where σ is a deterministic volatility parameter, and Wt ∼ NN (0, D). The matrix D


captures the dependence structure between ages.

The logit transform was chosen based on Cairns et al (2006) [10] and observation of the
data. Figure 5 shows the historical logit mortality rates which can be observed to be
approximately linear.

The parameters were estimated in a two-stage procedure as in Wills and Sherris (2008)
[34]. Firstly, maximum likelihood is used to estimate the parameters a, b and σ assuming
independent observations of ∆ logit µx,t . The covariance matrix D is then determined
using principal components analysis on the standardised residuals.

3.2 Data

The mortality model is based on population data as Australian annuitant data is not
available. Mortality data was obtained from the Human Mortality Database (HMD) and
the Australian Bureau of Statistics (ABS). The data contains annual central rates of
mortality, mx,t , for ages 65 to 109 and years 1970 to 2007. The minimum age of 65 is
chosen to reflect the retirement age in Australia. Note that the data at higher ages does
not consist of raw mortality rates, as the rates have been smoothed as described in the
HMD Methods Protocol (Wilmoth et al, 2007 [35]) due to a lack of observed deaths at
higher ages.

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3. Mortality Model 11
Male Force of Mortality Female Force of Mortality

0.6 0.6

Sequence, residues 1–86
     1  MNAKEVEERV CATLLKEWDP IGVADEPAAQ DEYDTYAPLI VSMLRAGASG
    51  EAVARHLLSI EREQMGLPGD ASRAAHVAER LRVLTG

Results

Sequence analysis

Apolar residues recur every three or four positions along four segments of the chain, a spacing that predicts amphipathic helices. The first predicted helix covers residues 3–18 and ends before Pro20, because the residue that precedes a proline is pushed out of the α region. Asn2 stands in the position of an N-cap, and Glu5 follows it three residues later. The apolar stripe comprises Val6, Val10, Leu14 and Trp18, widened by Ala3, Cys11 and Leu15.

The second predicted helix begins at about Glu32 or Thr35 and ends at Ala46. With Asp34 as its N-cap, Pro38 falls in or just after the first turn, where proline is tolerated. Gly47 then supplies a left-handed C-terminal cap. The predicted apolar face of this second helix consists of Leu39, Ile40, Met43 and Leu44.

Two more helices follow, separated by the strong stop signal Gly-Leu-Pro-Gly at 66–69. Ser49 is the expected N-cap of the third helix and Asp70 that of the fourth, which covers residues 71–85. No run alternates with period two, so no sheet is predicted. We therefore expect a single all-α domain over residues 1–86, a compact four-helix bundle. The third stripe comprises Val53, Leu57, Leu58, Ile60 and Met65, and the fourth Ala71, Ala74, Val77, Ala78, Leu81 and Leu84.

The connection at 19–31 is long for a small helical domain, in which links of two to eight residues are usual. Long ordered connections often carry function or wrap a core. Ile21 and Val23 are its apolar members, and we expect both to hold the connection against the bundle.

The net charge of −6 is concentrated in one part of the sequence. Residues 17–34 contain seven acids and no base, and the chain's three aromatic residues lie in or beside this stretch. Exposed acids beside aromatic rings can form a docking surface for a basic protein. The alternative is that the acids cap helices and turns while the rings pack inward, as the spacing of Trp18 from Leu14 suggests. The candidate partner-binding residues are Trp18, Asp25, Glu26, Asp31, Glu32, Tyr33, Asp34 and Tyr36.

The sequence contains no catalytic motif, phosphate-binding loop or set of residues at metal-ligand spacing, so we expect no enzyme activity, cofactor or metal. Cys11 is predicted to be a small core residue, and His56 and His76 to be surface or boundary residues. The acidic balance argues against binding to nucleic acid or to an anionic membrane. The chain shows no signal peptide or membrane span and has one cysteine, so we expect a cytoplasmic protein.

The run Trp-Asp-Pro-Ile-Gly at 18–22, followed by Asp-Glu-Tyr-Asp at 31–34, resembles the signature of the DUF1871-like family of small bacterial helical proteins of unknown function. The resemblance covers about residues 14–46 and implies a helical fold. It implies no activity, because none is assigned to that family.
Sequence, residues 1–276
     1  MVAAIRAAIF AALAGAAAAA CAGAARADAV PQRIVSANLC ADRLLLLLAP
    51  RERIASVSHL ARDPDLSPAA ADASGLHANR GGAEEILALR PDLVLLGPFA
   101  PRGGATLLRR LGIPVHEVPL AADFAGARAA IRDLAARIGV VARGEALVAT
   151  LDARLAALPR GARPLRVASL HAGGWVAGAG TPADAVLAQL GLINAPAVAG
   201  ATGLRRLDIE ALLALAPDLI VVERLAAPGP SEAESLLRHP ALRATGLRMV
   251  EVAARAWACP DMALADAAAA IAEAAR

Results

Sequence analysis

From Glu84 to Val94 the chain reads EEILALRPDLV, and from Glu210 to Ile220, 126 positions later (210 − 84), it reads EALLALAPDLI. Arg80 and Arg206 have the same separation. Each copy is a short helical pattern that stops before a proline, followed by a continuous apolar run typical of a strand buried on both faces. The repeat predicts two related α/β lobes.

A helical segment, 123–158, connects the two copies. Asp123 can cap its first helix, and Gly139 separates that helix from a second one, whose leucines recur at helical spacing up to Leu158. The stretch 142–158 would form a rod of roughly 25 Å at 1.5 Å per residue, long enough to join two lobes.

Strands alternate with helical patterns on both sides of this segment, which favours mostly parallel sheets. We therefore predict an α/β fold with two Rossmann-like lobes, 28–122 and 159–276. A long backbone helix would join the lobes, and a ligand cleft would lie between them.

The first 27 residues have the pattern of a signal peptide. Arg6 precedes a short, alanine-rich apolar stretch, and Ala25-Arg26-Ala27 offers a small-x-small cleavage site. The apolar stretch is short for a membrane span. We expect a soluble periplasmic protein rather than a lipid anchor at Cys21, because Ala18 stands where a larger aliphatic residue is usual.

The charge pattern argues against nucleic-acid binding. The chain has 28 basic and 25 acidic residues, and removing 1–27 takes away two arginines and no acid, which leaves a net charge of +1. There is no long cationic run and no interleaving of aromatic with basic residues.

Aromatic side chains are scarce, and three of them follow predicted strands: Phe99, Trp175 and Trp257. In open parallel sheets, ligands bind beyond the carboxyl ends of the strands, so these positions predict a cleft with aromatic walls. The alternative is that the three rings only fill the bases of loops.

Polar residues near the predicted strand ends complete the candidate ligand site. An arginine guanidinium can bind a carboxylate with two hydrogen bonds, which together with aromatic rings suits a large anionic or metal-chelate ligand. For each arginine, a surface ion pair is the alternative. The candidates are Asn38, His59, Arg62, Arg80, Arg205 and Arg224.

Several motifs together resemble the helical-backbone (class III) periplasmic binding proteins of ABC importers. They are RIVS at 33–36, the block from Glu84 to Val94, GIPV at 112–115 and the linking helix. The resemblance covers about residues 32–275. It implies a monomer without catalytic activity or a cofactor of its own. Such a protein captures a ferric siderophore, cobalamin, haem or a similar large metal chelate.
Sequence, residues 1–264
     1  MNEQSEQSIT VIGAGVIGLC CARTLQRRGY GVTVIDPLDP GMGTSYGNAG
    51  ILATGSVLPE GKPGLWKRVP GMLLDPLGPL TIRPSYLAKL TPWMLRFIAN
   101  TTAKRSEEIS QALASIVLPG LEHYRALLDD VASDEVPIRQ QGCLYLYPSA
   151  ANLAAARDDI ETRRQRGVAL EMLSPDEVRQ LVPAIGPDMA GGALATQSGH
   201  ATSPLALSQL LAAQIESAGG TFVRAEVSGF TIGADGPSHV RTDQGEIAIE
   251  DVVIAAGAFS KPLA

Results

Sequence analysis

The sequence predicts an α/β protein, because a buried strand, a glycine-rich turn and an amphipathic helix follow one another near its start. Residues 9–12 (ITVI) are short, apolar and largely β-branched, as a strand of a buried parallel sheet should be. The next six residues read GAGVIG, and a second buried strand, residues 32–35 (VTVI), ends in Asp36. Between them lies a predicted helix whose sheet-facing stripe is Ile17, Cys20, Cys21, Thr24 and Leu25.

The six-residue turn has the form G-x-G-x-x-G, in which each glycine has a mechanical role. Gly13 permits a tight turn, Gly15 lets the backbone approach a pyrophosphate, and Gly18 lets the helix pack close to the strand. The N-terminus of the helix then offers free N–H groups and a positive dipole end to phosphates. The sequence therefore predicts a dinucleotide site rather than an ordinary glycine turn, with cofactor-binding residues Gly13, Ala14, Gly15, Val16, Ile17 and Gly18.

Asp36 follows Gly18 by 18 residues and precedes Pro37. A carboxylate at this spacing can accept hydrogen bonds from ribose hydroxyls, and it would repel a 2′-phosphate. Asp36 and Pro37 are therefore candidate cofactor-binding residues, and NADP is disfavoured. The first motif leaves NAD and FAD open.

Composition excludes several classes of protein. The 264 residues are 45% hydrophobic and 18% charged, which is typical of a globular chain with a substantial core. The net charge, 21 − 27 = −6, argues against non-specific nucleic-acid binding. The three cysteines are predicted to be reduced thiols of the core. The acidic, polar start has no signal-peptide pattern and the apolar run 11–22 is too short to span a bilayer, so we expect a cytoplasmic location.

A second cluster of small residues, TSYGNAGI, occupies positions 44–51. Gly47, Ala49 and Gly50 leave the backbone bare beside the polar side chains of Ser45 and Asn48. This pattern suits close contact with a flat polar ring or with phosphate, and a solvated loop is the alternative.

0.4 0.4

Rate
Rate

0.2 0.2
1980 1980
0.0 2000 0.0 2000
100 r 100 r
2020 Yea 2020 Yea
90 90
Age 80 2040 Age 80 2040
70 70

Figure 6: Observed and Projected Mortality for Males (Left) and Females (Right)

3.3 Simulation

One of the issues noted by Wills and Sherris (2008) [34] was the ‘ridges’ effect in the
projection which arose from the use of unsmoothed mortality rates, µx,T . To prevent this,
the observed logit mortality rates for the last year in the data (2007) are smoothed using
cubic splines before simulation.

Realisations of the random vector Wt were simulated from the multivariate normal
distribution, NN (0, D̂). The average mortality rates for all ages 65–109 are shown in
Figure 6. The average (projected) mortality rates and 95% confidence intervals for the
cohort aged 65 in 2007 are shown in Figure 7.

3.4 Annuitant Mortality

To apply the model to a portfolio of annuitants, the mortality rates will be adjusted based
on the observed historical relationship between population and annuitant mortality. As
there is no Australian annuitant data available, an investigation of Australian annuitant
mortality was not possible. UK annuitant data was available from the Continuous Mor-
tality Investigation (CMI) for years 1947, 1968, 1980, 1992, and 2000. This data was
compared to UK population mortality available from the Human Mortality Database
(HMD) and the Office for National Statistics (ONS).

The relationship between annuitant (or pensioner) mortality and population mortality
can be described using the ratio between initial rates:
A
qx,t
ρx,t = (8)
qx,t

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3. Mortality Model 12

Force of Mortality Initial Death Rate

1.0

1.0
0.8

0.8
0.6

0.6
Rate

Rate
0.4

0.4
0.2

0.2
0.0

0.0
0 10 20 30 40 0 10 20 30 40